Pork Char Siu

Crispy Wontons

Wor Wonton Soup served in a shallow black bowl on a bamboo mat with a broken fortune cookie in the background.
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Wor Wonton Soup

Prep Time 25 minutes
Cook Time 10 minutes
Total Time 35 minutes
Servings 4 people

Ingredients

  • 4 cups chicken broth
  • 4 cups low sodium chicken broth
  • 1 tbsp soy sauce
  • 1 1/2-2 cups large bite-size broccoli pieces
  • 1 large carrot, thinly sliced on a diagonal
  • 16 each pork wontons see note
  • 12 large shrimp, deveined and tail removed
  • 6 ounces Chinese BBQ pork (Pork Char Siu), thinly sliced see note
  • 2 tbsp green onion, thinly sliced on a diagonal
  • as needed sesame oil

Instructions

  • In a large pot heat broth and soy sauce to a gentle simmer. Add broccoli, carrots and pork wontons and maintain a simmer. Cook for 4-5 minutes until wontons are cooked and vegetables are just tender. Add shrimp and sliced pork when about 2 minutes of cooking time remains.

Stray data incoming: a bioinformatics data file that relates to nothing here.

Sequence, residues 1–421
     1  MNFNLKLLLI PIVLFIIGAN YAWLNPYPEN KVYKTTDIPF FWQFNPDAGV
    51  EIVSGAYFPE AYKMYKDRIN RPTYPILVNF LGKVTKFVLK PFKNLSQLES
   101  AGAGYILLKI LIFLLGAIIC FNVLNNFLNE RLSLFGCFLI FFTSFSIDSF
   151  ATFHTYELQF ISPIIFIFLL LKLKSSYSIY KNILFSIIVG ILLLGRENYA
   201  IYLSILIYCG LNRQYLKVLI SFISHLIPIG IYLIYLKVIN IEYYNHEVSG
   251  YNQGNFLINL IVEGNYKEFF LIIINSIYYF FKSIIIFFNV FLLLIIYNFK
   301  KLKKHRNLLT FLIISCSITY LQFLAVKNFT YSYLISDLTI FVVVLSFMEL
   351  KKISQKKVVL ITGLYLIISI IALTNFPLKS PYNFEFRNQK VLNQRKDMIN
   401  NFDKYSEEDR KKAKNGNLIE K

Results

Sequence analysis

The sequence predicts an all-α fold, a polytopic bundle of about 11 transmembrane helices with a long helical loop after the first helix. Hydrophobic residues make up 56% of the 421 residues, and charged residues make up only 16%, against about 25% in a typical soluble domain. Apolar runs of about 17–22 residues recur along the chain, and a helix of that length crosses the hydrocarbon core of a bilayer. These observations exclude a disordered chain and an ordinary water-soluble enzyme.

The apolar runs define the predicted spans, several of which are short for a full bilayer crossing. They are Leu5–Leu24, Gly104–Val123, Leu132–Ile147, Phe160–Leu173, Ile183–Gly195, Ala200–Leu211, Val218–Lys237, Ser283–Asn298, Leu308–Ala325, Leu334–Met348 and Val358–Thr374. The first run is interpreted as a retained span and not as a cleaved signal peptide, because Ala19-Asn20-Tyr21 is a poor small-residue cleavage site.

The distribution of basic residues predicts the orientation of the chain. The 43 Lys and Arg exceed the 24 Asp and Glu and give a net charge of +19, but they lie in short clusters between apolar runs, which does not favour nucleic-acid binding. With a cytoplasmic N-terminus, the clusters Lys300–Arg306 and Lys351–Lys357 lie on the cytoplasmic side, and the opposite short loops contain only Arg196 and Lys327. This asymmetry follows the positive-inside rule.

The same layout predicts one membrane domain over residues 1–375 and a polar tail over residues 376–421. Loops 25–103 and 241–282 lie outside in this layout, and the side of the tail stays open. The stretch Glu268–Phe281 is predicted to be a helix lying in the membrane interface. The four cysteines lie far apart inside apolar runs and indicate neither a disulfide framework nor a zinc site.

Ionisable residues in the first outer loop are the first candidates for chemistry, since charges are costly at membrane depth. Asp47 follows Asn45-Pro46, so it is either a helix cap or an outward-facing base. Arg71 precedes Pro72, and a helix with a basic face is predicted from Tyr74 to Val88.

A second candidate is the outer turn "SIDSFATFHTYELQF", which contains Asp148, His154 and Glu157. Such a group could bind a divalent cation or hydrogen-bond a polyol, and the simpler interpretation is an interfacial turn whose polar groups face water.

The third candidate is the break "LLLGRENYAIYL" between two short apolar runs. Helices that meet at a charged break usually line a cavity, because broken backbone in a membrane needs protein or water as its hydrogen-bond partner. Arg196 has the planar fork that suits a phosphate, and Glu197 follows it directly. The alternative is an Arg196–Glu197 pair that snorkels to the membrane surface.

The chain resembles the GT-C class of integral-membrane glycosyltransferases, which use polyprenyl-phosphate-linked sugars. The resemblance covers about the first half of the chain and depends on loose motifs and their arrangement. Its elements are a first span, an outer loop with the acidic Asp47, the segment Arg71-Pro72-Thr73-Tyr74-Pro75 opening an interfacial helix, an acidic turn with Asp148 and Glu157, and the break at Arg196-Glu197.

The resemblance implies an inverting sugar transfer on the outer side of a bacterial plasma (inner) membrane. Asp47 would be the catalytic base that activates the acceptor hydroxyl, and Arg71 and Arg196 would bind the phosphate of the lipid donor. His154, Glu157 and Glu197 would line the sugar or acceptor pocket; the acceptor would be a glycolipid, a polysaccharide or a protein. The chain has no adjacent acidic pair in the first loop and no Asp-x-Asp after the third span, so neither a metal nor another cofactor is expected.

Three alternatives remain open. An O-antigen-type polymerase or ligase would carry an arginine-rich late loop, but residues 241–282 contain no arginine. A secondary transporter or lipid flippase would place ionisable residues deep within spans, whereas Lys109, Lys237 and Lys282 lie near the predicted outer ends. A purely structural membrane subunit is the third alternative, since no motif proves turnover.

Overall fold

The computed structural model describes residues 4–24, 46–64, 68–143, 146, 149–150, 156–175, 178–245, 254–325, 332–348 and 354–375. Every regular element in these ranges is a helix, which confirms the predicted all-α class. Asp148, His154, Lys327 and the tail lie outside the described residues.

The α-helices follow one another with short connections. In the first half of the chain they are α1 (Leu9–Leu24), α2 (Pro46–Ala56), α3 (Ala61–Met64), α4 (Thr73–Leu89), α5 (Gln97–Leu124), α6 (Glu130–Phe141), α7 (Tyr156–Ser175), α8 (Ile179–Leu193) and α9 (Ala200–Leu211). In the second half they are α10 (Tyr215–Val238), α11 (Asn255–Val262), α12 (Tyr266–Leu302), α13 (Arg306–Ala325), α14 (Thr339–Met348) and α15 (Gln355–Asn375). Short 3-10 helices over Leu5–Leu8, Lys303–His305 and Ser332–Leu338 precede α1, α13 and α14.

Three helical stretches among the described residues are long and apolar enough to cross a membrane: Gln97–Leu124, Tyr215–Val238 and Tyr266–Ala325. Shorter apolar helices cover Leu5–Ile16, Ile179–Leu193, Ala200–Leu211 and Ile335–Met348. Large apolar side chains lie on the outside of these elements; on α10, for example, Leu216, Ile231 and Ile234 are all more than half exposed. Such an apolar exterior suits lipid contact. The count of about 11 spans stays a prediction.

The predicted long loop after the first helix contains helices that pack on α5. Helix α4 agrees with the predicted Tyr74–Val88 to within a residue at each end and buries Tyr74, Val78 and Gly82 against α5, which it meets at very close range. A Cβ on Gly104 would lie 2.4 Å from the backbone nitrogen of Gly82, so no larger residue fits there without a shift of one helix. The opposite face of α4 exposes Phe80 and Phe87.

• Divide soup into shallow bowls and garnish with green onions and a drizzle of sesame oil.

Notes

-The prep time noted does not include the time to make the wontons or pork char siu if making either from scratch.
-You can use store-bought wontons and pork char siu, however homemade is so much better and I've included a link to both in the post above.

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Pork Char Siu

Pork Char Siu

Pork Char Siu

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What’s your favourite Chinese dish? I can’t seem to narrow it down to just one but wor wonton soup and pork dumplings are definitely at the top of my list. I also enjoy dim sum with its array of steamed buns, rice rolls and dumplings. But today’s Pork Char Siu was made in preparation for wor wonton soup, which is soon to follow!! Wor, meaning “everything” in Chinese means the soup can be made with any combination of your favourite foods such as broccoli, baby bok choy, or shrimp. I personally believe that Pork Char Siu is a must to include. The sweet and salty meat is great together with the broth and vegetables and helps to make the soup a meal on its own.